Second, the principle of proportionality played the decisive role in determining whether the detention period of eight months (maximum) provided for in Belgian law in the event of non-compliance with an expulsion order is compatible with Union law. On this point, the Court distinguished between the situation of third-country nationals and that of Union citizens. However – and this must be emphasised – the ECJ did not refer here to Union citizenship as a “fundamental status” or to any other ideological understanding of Union citizenship and the rights associated with it. Rather, in its view, the difference lies in the practical difficulties of enforcing the respective expulsion order. Since the expulsion of Union citizens is easier than for third-country nationals for various reasons (the ECJ mentioned here the cooperation of Member States due to their obligation of loyal cooperation and the principle of mutual trust, the easier return journey within Europe and the citizen’s nationality already having been determined, as well as the right to re-entry according to art. 27(4) of the Directive 2004/38) the same detention conditions cannot be imposed on them. In the Court’s view, therefore, the difference lies in the fact that the expulsion of Union citizens is easier in practice. It is striking that the ECJ argues here with practical considerations and does not declare the migration law that is applicable to third-country nationals inapplicable to Union citizens because of their status as Member State nationals. Regardless, the consequence of the Court’s decision is that a maximum detention period of eight months may be lawful for third-country nationals in the application of art. 15 of the Directive 2008/115, while such a period for EU citizens is not in line with arts 20 and 21 TFEU and of the Directive 2004/38.
These two key statements of the ECJ in case C-718/19 can therefore be summarised as follows: Member States may also apply rules similar to EU migration law provisions for third-country nationals to EU citizens in areas not governed by EU law, provided that the situation of the latter is comparable to that of the former. This approach was already proposed by AG Szpunar in the 2017 Petrea case:
“Directive 2004/38 does not preclude the use of the content of Directive 2008/115/EC of the European Parliament and of the Council of 16 December 2008 on common standards and procedures in Member States for returning illegally staying third country nationals for the purposes of laying down detailed rules governing the procedures applying to an order to return a citizen of a Member State who has entered the territory of another Member State, notwithstanding the existence of an exclusion order adopted by the latter, provided that the protective measures and procedural safeguards set out in Directive 2004/38, particularly in Chapter VI thereof, as well as the principles of equivalence and effectiveness are observed, this being a matter for the national court to assess”.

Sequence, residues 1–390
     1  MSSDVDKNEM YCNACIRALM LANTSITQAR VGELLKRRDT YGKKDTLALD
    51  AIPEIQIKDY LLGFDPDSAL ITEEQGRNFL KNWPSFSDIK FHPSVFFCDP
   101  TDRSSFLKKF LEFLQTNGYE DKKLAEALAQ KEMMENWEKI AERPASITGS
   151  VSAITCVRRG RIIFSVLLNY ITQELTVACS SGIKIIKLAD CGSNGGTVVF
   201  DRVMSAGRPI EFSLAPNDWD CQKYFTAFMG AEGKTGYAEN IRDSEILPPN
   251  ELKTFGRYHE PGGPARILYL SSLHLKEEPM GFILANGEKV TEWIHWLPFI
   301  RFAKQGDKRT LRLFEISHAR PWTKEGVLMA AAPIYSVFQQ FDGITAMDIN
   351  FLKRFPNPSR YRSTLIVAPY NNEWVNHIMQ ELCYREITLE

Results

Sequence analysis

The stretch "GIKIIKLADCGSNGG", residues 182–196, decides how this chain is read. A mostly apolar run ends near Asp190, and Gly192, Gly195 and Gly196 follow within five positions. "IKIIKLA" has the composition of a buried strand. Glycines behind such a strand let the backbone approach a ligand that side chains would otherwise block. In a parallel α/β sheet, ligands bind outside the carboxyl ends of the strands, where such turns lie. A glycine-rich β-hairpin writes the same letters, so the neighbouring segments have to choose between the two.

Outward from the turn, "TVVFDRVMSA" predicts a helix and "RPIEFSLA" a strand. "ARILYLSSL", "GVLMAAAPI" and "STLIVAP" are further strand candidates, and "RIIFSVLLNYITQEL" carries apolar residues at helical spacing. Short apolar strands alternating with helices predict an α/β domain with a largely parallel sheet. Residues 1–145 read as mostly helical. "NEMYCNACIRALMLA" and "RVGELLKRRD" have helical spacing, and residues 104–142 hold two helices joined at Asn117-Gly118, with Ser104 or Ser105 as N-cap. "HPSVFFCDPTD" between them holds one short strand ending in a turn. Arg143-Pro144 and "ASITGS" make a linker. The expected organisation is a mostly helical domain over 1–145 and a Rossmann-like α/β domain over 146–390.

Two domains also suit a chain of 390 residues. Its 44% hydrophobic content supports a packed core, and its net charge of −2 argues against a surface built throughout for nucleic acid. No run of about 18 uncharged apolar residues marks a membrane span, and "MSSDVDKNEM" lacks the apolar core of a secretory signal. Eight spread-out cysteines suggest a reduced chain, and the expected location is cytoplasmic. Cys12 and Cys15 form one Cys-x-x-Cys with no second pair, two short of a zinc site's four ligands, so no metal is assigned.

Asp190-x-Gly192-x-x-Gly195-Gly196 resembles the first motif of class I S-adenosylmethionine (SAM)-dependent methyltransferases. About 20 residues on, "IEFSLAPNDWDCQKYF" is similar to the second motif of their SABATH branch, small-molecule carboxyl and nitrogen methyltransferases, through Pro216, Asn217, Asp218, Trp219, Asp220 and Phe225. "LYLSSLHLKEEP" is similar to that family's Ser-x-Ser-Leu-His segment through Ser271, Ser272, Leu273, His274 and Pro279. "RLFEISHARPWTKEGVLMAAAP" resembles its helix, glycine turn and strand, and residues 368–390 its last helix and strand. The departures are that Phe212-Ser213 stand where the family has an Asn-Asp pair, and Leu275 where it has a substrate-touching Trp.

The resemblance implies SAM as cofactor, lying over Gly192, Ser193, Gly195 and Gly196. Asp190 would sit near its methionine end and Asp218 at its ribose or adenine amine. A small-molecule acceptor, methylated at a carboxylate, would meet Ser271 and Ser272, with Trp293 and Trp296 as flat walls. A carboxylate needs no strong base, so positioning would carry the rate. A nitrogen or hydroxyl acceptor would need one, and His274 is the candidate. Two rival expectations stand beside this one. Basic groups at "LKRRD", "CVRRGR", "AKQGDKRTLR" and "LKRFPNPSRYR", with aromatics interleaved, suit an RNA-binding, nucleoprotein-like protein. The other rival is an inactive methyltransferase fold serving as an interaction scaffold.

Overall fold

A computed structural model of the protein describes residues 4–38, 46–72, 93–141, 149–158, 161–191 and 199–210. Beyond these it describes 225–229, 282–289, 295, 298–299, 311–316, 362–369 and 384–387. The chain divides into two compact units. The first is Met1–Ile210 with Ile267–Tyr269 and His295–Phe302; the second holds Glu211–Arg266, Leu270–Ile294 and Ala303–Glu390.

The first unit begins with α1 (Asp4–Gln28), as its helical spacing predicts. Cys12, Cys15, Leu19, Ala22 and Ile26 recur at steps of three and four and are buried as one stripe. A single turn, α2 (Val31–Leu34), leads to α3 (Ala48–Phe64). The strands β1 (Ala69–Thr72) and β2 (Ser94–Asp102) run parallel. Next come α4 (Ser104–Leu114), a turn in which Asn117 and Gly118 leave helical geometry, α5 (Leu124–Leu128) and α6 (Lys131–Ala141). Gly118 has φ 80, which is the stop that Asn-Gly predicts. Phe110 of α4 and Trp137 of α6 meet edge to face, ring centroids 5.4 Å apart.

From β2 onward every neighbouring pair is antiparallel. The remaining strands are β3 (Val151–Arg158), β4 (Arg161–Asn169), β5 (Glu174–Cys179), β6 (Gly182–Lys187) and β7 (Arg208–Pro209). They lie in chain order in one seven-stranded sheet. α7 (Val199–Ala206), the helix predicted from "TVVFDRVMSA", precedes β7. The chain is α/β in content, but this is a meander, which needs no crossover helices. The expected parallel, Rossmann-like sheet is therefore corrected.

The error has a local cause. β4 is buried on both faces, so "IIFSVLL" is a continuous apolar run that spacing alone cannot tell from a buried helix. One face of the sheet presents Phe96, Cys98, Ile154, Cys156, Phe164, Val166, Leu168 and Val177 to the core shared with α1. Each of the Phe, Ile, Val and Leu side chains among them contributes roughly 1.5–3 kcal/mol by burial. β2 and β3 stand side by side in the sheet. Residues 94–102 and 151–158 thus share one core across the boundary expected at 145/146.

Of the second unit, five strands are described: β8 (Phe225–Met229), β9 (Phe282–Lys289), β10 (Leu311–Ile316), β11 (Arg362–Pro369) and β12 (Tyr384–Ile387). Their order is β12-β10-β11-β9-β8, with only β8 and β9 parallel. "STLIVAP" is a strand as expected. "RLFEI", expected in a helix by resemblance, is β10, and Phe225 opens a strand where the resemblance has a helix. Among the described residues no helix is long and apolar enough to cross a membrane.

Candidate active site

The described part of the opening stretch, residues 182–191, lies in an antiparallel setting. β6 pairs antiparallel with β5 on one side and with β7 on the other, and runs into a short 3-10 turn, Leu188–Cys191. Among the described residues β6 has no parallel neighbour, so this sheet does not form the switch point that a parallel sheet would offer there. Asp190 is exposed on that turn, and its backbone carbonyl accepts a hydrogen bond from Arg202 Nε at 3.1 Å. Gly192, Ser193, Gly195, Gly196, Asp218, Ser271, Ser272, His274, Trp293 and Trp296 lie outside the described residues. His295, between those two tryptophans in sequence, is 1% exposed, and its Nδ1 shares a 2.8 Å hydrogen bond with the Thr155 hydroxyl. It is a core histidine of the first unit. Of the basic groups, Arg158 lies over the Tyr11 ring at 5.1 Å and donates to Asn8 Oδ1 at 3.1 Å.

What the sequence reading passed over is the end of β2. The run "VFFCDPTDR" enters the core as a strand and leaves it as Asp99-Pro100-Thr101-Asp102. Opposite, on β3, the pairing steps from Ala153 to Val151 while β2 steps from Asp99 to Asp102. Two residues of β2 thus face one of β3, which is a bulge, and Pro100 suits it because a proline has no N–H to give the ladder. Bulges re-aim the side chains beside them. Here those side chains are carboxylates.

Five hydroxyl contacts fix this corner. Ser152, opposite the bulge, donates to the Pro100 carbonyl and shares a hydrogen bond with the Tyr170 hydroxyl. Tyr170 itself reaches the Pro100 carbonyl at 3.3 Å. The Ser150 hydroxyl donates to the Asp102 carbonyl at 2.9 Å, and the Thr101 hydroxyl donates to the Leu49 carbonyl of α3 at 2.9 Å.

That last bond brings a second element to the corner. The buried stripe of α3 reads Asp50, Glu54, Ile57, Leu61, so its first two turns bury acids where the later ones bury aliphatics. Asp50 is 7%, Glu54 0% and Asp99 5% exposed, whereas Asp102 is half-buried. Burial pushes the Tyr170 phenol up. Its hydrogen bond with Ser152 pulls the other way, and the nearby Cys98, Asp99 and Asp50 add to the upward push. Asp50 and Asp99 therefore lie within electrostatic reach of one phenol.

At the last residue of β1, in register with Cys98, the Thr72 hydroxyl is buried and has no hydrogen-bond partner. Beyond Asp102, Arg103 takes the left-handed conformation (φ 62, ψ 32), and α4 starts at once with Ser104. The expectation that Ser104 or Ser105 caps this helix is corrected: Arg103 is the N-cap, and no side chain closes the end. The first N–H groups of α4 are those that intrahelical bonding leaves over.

The Court followed this view in its Petrea judgment, concluding that Member States may designate the same authorities and procedures for an expulsion order in the case of Union citizens as those provided for in the national implementation law of the Directive 2008/115. However, it must be kept in mind that this only applies to the extent that the situation of a third-country national and EU citizen is actually comparable. In many cases, the situation of a Union citizen will require less far-reaching measures to achieve the objective pursued, such as the enforcement of an expulsion order.
In the second judgment under review, the ECJ clarified for the first time the circumstances under which a Union citizen must have terminated his or her right of residence in the host Member State with the consequence that he or she may acquire a new right of residence in that state upon return. The Court thus addressed an aspect reminiscent of the reflections of AG Sharpston in her opinion in the legendary Ruiz Zambrano case, in which she asked in what way Union citizens have to cross the border in order to enjoy the right to free movement and related rights such as the right of residence for family members. She wondered whether, for example, it is sufficient for EU citizens from Belgium to visit Parc Astérix in Paris once or twice, whether a day trip abroad is all it takes, or whether one or two nights must be spent in another Member State. Even if the legal situation is different in the present case, the decisive question is under which circumstances one can assume an actual stay in another Member State.